Liver cancer is the sixth most common type of cancer worldwide, and your waist size may affect your risk of liver cancer regardless of whether you are at a healthy weight, according to a new study.
A healthy waist size is no more than 94 cm (37”) for men and 80 cm (32”) for women. Read morehere.
In technical terms, the circumference of your waist (WC) is associated with the risk of liver cancer beyond your body mass index (BMI). This is because the size of your waist is a measure of central obesity or abdominal obesity.
After pooling data on more than 2.5 million people from five articles all published between 2013 and 2019, the researchers reported that every 5cm increase in waist size was linked to a 13 per cent higher risk of liver cancer.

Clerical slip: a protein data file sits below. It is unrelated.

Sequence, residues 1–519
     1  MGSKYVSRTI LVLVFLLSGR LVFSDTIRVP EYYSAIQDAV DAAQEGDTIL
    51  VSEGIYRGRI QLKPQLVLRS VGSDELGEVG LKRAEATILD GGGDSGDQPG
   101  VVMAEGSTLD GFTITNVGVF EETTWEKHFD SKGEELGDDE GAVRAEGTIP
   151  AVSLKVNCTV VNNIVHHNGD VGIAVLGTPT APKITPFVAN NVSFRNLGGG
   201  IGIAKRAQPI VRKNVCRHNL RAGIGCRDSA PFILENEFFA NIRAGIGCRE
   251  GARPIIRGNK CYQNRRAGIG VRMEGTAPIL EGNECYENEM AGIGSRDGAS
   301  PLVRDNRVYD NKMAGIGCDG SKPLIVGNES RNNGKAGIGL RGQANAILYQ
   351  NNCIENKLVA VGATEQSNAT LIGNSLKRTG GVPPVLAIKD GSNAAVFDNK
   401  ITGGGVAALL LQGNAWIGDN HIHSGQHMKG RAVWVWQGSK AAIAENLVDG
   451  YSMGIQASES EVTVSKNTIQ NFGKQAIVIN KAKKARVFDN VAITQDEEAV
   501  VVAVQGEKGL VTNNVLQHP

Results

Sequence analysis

With its poor survival rate, scientists have been looking for something to give us a clue about liver cancer – it has almost no symptoms so doesn’t get diagnosed until in an advanced stage. Now it seems it’s your waist. We already know that non-alcoholic fatty liver disease and the more severe non-alcoholic steatohepatitis are both risk factors for later liver cancer.
Bottom line: try not to gain excess weight or waist.